In Naydongri village in Nashik’s Nandgaon taluka, water scarcity in the summer months is an annual worry, but in the over five decades that the Gawliwada or community of buffalo herders has been here, distress migration has never been a concern. After all, with 1,800 to 2,000 water buffaloes to care for, the Gawli clan of Naydongri cannot very well relocate at will. This year, however, with summer still four months away and acute water scarcity settling in already, Shankar Umaji Namde, 60, is in talks with landowners in Niphad, nearly 100 km away, to locate an alternative site for their animals. They plan to leave the children behind in the care of the elderly to make sure a school year is not lost. Some younger women will stay back too. The men will look to quickly establish the market linkages crucial to their business.
“Families will be split, all manner of other problems will arise, not to mention that it will be a year of deep losses,” says Namde, a sunburnt man who greets visitors to his home with piping hot cups of fresh, creamy milk. “But there’s already no water, how will we manage when March-April comes around?”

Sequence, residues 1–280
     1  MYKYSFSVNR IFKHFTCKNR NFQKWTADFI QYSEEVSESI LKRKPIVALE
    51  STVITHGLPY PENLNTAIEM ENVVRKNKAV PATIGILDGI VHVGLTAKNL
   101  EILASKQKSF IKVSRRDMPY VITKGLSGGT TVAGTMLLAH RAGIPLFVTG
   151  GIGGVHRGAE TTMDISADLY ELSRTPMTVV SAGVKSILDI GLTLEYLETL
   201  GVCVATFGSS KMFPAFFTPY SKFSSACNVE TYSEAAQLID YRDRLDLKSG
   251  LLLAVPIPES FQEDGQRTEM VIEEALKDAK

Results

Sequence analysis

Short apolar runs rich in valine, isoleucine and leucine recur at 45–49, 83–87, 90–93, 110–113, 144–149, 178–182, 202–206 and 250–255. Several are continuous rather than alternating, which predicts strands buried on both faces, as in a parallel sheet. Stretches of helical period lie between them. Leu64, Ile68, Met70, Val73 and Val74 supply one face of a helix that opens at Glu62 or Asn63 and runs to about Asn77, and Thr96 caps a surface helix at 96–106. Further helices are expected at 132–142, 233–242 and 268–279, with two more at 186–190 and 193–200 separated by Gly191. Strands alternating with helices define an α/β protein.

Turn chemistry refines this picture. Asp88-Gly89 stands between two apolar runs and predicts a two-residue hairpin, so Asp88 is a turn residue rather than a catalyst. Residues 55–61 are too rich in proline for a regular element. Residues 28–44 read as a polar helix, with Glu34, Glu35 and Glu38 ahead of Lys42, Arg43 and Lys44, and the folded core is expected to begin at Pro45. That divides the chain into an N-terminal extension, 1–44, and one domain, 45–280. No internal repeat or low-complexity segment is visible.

For now, the Naydongri sarpanch and gram panchayat have asked them to stay back, but arranging the 50,000 litres of water that the animals need every day seems implausible.
Overall this year rainfall in Maharashtra is about 30 per cent lower than the 1210.8 mm average annual precipitation. On October 24, Chief Minister Devendra Fadnavis admitted that nearly half of the state (180 of 350 talukas) was drought-hit. Districts in Marathwada (deficit of 36.6 per cent) and Nashik district (deficit of 39.4 per cent) are the worst affected. Along with water scarcity as early as November has come the foreboding of a scorching summer ahead. And with rabi crop (sown in October-December) set to hit all-time low in the drought-hit districts, communities that do not traditionally migrate for work have begun to do so.
For many of these 180 talukas, cyclical drought is a complex reality. While 2017 saw above average rains almost across the state, many talukas are currently facing their third drought in the last six years.